Asthma and chemical sensitivity

1: Prevalence of fragrance sensitivity in the American population
Caress SM, Steinemann AC.
J Environ Health. 2009 Mar;71(7):46-50.
pmid 19326669

This study determined the percentages of individuals who report adverse
effects from exposure to fragranced products in the U.S. population and
in subpopulations of those with asthma or chemical sensitivity. Data
were collected through telephone interviews from two geographically
weighted, random samples of the continental U.S. in two surveys during
2002-2003 and 2005-2006 (1,057 and 1,058 cases, respectively).
Respondents were asked if they find being next to someone wearing a
scented product irritating or appealing; if they have headaches,
breathing difficulties, or other problems when exposed to air fresheners
or deodorizers; and if they are irritated by the scent from laundry
products, fabric softeners, or dryer sheets that are vented outside.
Results aggregated from both surveys found that 30.5% of the general
population reported scented products on others irritating, 19% reported
adverse health effects from air fresheners, and 10.9% reported
irritation by scented laundry products vented outside. This study
reveals that a considerable percentage of the U.S. population reports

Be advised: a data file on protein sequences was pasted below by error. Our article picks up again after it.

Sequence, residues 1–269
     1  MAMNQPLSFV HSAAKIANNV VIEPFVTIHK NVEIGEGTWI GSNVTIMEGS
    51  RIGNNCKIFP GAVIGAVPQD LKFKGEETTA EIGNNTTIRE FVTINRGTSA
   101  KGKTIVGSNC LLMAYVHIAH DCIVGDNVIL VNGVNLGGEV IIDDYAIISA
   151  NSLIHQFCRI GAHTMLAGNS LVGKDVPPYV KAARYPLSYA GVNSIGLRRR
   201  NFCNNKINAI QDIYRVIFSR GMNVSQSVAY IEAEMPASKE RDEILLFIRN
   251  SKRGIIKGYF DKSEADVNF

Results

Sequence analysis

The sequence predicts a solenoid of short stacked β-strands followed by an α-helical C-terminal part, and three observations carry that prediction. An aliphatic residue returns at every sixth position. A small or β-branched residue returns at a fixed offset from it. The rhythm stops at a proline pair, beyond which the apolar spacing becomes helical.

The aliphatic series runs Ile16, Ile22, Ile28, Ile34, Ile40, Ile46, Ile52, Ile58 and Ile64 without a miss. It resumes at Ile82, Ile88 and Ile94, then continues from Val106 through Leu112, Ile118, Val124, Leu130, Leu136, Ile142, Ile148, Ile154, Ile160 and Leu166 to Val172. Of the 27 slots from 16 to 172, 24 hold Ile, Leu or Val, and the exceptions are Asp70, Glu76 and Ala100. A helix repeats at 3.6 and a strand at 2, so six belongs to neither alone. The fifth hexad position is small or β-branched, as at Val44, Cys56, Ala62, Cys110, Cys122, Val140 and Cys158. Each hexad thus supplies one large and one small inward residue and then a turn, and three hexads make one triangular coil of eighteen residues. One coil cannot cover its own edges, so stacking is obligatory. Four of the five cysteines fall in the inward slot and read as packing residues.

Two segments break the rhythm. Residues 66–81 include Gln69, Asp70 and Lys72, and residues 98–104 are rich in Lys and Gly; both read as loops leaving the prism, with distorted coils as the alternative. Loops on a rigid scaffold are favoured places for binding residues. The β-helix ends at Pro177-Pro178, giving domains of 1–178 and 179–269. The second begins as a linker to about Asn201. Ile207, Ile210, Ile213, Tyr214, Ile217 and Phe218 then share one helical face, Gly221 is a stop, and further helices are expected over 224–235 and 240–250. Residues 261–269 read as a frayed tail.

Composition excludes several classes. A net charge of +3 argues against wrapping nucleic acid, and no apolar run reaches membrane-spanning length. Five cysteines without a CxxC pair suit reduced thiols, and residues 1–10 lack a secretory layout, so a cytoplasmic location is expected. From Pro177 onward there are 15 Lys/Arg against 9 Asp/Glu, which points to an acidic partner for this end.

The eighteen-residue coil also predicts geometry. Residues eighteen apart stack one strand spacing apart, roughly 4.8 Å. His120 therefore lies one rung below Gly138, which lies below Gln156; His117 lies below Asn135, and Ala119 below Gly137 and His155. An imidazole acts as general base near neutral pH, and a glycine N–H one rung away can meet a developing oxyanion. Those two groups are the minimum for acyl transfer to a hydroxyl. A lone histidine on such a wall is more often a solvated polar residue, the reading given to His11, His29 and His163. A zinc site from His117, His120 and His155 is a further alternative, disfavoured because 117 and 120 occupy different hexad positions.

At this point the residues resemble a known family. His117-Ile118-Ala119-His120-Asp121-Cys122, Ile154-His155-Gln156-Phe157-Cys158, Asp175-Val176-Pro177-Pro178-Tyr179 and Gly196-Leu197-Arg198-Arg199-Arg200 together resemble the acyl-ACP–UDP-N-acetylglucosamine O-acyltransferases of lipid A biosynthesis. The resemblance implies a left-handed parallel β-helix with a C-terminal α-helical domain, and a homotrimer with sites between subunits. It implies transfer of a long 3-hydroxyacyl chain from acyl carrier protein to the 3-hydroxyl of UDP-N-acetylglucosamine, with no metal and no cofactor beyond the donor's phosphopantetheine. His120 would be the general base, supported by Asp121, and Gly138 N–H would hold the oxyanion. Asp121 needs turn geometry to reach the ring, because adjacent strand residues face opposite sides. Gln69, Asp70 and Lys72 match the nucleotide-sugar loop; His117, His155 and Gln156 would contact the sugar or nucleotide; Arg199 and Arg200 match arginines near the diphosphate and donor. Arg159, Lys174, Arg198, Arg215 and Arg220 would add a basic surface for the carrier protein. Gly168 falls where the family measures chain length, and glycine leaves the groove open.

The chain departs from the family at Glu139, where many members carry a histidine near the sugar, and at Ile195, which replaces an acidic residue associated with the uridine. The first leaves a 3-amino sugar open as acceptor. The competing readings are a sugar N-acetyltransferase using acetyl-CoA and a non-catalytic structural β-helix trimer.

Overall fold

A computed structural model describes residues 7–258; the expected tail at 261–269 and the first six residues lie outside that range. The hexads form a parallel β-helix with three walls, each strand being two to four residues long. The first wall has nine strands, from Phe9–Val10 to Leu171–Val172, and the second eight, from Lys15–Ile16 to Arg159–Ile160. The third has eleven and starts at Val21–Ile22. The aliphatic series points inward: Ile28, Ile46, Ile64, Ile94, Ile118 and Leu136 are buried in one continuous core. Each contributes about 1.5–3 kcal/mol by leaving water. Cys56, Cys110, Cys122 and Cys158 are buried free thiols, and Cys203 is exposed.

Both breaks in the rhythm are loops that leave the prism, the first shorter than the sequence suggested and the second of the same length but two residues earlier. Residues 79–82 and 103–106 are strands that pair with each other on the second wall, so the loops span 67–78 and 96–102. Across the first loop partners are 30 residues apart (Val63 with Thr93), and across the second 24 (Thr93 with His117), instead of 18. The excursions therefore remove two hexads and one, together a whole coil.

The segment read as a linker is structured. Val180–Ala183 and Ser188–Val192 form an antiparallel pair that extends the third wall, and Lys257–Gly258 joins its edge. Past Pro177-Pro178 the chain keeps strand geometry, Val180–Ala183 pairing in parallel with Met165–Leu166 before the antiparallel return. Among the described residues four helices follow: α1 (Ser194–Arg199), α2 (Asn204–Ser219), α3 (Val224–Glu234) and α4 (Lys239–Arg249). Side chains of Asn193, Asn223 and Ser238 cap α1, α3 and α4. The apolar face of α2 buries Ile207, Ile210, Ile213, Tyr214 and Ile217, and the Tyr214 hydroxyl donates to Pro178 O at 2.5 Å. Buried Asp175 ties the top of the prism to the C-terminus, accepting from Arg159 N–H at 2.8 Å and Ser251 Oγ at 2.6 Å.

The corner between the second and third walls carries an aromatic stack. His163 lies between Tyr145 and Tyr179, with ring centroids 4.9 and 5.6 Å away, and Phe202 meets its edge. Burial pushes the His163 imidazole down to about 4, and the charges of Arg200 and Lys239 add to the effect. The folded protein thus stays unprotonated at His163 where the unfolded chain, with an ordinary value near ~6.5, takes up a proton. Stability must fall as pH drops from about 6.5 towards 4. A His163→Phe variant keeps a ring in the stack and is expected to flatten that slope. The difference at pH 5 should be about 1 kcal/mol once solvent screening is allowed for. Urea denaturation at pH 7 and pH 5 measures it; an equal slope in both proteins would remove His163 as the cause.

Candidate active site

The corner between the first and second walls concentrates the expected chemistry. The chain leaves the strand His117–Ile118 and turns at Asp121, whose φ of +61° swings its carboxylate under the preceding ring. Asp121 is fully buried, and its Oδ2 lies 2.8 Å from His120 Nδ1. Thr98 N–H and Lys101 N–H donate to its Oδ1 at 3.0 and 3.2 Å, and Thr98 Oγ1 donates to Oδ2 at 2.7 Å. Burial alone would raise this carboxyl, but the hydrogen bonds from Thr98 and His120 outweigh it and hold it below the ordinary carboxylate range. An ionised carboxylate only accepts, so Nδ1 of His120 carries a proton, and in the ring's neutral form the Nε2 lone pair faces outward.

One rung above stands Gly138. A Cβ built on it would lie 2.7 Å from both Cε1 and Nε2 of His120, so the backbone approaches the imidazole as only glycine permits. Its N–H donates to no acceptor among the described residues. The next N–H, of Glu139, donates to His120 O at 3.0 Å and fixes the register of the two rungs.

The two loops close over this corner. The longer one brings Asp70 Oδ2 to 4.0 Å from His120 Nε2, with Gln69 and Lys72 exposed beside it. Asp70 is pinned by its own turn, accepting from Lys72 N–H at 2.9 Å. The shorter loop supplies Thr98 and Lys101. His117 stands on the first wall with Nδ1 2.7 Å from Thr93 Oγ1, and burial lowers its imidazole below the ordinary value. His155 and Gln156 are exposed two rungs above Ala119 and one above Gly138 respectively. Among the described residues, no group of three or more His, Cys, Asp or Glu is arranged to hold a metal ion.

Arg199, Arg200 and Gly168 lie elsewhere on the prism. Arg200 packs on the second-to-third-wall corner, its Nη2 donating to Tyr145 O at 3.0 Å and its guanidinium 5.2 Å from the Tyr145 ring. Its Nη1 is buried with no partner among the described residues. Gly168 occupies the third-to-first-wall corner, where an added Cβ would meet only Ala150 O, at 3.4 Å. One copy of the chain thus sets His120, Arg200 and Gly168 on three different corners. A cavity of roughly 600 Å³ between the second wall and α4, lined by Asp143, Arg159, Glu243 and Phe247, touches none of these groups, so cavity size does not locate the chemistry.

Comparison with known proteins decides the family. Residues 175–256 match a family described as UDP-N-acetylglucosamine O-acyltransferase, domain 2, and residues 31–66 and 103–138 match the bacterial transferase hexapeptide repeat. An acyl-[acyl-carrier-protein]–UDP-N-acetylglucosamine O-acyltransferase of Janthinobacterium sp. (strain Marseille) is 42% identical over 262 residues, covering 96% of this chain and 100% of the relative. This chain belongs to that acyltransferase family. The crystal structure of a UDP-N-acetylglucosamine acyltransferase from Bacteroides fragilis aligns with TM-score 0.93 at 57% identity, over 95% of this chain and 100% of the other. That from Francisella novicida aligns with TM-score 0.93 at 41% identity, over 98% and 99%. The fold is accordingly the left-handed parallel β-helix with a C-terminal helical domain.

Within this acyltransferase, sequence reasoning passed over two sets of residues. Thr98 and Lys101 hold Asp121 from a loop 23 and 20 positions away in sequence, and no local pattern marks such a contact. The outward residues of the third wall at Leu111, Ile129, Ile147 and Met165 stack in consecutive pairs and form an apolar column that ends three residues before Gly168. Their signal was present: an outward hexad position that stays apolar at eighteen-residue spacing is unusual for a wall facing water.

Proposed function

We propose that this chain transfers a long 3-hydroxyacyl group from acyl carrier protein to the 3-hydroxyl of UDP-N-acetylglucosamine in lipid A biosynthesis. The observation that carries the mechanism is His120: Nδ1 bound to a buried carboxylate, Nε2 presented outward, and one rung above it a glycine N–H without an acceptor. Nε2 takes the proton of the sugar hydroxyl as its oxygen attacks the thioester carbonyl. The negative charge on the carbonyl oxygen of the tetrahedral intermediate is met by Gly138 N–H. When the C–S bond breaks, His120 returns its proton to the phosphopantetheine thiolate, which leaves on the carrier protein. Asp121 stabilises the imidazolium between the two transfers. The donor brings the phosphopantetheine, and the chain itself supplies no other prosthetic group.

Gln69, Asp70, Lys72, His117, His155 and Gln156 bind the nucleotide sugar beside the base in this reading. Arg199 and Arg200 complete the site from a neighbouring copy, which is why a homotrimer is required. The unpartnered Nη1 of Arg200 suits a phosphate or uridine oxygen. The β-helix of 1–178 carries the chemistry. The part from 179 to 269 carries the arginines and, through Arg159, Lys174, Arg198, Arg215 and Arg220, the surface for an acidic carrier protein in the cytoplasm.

adverse health effects or irritation from fragranced products, with
higher percentages among those with asthma and chemical sensitivity.

2: Asthma and chemical hypersensitivity: prevalence, etiology, and age
of onset
Caress SM, Steinemann AC.
Toxicol Ind Health. 2009 Feb;25(1):71-8.

This study investigates asthma’s national prevalence and potential
overlap with chemical hypersensitivity. It also examines asthma’s
etiology, age of onset, and demographic characteristics. Data were
collected from a geographically weighted random sample of the
continental U.S. (1058 cases), in four seasonal cohorts (2005-2006). The
study found that 12.9% of the sample report asthma, 11.6% report
chemical hypersensitivity, and 31.4% of those with asthma report
chemical hypersensitivity. Among asthmatics, 38% report irritation from
scented products, 37.2% report health problems from air fresheners, and
13.6% report their asthma was caused by toxic exposure. Asthma cases
affected each racial/ethic group in roughly the same proportion, with
nearly 50% classified as childhood onset.


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